2.  It’s in English, not Chinese.

3.  It has all sorts of unnecessary provisions. It should set forth liquidated damages for breaches.  

4.  it needs a provision making clear to whom the molds and/or tooling belong. For more on this, check out “How To Protect Your Molds And Tooling In China.

5.  It uses words like “good quality,” which just will not work.  What the Chinese consider “good quality” has absolutely nothing in common with what we consider good quality and you must specify everything. For more on this, check out “China Contracts. Email Not Usually Included.

I came up with the above with a two minute review and I am sure there are all sorts of other issues with it as well.  I hate to say this, but there is nothing we can do with this document short of starting all over.  We do 3-4 of these OEM Agreements a month and that is what your client needs.

I would be happy to discuss this further, at which time we should also discuss what your client has done and needs to do to protect its intellectual property in China through trademark, copyright and/or patent registrations. 

This usually works.

Photo of Dan Harris Dan Harris

Dan is a founder of Harris Bricken, an international law firm with lawyers in Los Angeles, Portland, San Francisco, Seattle, China and Spain.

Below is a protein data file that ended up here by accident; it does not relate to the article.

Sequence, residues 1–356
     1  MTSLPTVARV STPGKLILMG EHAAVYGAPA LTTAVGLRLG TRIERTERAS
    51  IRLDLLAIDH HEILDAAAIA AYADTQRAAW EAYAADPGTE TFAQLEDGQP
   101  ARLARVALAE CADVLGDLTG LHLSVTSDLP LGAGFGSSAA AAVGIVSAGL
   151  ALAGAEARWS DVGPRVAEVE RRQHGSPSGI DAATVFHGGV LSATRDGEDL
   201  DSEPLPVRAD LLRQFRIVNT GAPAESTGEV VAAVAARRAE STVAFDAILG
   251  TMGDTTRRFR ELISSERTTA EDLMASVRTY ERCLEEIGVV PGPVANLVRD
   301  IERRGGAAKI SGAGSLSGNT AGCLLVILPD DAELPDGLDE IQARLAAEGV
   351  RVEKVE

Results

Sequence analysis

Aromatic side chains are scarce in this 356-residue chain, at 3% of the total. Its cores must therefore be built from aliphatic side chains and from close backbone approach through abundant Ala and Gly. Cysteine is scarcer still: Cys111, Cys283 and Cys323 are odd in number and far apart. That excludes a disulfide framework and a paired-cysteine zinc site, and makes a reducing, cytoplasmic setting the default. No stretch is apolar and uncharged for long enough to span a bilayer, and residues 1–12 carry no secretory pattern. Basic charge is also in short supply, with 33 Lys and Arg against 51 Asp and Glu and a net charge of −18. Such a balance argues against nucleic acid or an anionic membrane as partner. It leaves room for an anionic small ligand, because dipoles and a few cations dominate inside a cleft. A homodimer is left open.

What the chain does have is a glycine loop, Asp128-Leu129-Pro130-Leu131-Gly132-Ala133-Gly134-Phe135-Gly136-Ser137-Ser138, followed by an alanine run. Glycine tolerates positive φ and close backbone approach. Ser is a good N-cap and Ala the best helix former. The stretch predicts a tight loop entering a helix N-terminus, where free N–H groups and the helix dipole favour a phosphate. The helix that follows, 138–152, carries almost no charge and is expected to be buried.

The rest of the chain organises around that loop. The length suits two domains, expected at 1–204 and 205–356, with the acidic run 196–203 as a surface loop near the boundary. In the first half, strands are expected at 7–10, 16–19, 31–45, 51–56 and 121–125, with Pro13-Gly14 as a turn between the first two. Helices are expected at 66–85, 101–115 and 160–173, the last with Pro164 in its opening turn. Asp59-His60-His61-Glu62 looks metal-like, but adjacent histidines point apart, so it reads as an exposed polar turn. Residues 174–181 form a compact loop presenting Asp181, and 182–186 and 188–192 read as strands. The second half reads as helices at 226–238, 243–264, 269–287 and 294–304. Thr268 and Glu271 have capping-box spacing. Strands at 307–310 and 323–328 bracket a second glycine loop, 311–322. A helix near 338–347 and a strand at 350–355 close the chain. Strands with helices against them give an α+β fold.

He primarily represents companies doing business in emerging market countries, having spent years building and maintaining a global, professional network. 

Dan is a founder of Harris Bricken, an international law firm with lawyers in Los Angeles, Portland, San Francisco, Seattle, China and Spain.

He primarily represents companies doing business in emerging market countries, having spent years building and maintaining a global, professional network.  His work has been as varied as securing the release of two improperly held helicopters in Papua New Guinea, setting up a legal framework to move slag from Canada to Poland’s interior, overseeing hundreds of litigation and arbitration matters in Korea, helping someone avoid terrorism charges in Japan, and seizing fish product in China to collect on a debt.

He was named as one of only three Washington State Amazing Lawyers in International Law, is AV rated by Martindale-Hubbell Law Directory (its highest rating), is rated 10.0 by AVVO.com (also its highest rating), and is a recognized SuperLawyer.

Dan is a frequent writer and public speaker on doing business in Asia and constantly travels between the United States and Asia. He most commonly speaks on China law issues and is the lead writer of the award winning China Law Blog. Forbes Magazine, Fortune Magazine, the Wall Street Journal, Investors Business Daily, Business Week, The National Law Journal, The Washington Post, The ABA Journal, The Economist, Newsweek, NPR, The New York Times and Inside Counsel have all interviewed Dan regarding various aspects of his international law practice.

Dan is licensed in Washington, Illinois, and Alaska.

In tandem with the international law team at his firm, Dan focuses on setting up/registering companies overseas (via WFOEs, Rep Offices or Joint Ventures), drafting international contracts (NDAs, OEM Agreements, licensing, distribution, etc.), protecting IP (trademarks, trade secrets, copyrights and patents), and overseeing M&A transactions.